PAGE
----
The Changing Scope of Military Strategy
When it comes to confronting the Soviet military challenge, strategic provincialism and its companion, strategic introversion, may prove more damaging to the West than Soviet power itself. ‘The threat’ has become, in Soviet parlance, ‘well known’, and well stereotyped: on their side, an economy locked into a scale and tempo of war production which we may lack the will or wherewithal to match; on our side, a technological edge eroding under pressure of rising capital costs and determined Soviet effort; and finally, the forfeiture of strategic and nuclear superiorities which historically have served as NATO’s trumps against traditional Soviet strengths. Without doubt, the latter development represents a secular change in the strategic environment of profound importance. It would be both remarkable and alarming if that change alone did not bring greater scrutiny to bear on the perennial dilemmas of NATO strategy and of roles and responsibilities in the Alliance. Deterrence, being a political as well as a military enterprise, cannot profit if those who deter are in disarray. Nonetheless, the object of deterrence is to impress an opponent, not to make ourselves comfortable. It would be welcome indeed if security improved as consensus were widened and as the ‘stresses and strains’ of the Alliance diminished, but if ‘deterrence’ and ‘reassurance’ are related undertakings, it is worth reminding ourselves that they are also separate ones.1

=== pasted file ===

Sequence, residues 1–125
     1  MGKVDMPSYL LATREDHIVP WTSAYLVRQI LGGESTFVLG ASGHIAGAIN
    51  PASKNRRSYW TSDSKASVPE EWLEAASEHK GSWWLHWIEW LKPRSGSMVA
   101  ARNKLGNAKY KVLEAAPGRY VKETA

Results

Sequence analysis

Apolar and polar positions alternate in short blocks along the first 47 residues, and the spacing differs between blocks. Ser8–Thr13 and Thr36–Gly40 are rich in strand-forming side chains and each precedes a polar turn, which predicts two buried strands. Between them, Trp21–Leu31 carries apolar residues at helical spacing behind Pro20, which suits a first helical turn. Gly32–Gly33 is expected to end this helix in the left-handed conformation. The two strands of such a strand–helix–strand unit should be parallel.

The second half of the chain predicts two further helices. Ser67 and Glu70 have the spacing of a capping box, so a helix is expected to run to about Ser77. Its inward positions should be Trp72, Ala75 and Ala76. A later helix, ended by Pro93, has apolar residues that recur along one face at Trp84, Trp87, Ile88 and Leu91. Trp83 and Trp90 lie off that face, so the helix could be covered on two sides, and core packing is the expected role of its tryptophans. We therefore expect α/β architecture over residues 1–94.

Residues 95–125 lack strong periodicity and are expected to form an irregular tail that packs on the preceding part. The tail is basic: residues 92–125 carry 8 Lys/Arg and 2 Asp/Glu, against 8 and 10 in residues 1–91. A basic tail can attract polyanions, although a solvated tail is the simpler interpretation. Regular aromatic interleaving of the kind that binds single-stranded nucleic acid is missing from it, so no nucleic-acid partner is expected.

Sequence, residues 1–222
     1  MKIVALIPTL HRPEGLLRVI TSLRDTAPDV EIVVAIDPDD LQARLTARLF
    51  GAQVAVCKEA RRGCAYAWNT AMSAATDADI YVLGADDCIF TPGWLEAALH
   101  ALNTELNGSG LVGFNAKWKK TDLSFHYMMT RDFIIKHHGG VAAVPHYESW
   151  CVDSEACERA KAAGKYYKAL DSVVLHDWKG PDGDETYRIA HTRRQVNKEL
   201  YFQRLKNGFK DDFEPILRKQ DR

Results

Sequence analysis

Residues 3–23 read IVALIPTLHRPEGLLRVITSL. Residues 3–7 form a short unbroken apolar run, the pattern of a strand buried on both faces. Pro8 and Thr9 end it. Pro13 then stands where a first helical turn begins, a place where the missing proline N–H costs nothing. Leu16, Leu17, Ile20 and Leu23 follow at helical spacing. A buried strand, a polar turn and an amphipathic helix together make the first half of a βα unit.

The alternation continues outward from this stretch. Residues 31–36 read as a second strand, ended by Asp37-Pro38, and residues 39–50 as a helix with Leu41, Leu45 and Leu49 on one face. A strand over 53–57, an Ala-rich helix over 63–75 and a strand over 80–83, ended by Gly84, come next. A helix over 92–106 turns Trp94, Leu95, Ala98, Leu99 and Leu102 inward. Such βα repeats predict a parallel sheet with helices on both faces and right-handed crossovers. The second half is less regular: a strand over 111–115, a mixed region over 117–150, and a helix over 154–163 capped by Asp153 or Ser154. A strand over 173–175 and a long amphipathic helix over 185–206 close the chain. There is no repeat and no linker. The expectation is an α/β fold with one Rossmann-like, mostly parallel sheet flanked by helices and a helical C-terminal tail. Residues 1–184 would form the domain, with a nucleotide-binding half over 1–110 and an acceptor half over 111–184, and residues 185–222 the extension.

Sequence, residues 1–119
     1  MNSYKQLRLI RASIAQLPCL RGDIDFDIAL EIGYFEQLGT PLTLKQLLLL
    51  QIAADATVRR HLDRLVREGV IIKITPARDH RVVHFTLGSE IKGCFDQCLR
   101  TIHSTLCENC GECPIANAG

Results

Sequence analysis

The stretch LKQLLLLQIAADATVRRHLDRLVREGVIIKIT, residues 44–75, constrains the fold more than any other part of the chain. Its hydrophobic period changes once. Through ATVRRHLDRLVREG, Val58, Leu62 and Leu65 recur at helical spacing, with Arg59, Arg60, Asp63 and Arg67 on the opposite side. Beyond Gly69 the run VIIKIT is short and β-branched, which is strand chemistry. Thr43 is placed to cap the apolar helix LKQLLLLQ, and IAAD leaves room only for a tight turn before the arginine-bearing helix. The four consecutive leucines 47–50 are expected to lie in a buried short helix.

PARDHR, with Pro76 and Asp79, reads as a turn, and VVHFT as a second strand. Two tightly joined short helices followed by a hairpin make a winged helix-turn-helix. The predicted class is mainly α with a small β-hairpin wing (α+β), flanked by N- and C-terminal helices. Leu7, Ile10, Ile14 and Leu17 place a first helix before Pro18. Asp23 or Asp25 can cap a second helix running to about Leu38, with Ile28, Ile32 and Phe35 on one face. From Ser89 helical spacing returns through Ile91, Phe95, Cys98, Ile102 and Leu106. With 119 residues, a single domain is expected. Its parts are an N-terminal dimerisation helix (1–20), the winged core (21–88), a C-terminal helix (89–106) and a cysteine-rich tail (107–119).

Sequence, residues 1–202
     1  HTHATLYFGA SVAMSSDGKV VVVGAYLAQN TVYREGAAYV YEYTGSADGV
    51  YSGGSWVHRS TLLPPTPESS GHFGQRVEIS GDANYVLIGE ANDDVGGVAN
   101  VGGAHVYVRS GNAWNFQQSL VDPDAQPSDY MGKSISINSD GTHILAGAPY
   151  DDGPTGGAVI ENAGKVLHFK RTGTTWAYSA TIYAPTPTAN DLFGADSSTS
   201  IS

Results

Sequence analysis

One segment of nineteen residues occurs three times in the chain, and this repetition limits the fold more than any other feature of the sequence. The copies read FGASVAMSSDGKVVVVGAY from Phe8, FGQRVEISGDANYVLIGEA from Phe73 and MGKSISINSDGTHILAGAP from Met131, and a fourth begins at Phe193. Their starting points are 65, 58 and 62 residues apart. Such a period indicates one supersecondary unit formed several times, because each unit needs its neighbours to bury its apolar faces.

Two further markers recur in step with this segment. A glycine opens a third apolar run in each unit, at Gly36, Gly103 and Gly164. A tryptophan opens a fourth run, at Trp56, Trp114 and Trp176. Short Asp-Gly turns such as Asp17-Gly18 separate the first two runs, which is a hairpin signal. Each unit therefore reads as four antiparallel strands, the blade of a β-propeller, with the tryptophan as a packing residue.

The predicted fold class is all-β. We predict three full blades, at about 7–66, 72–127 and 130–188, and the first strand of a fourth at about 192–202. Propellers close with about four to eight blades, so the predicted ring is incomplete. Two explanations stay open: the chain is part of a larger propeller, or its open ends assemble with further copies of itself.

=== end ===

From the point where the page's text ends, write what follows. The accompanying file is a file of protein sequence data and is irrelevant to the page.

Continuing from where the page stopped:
KeywordsNuclear Weapon Ground Force Continue Challenge Military Strategy Military Affair
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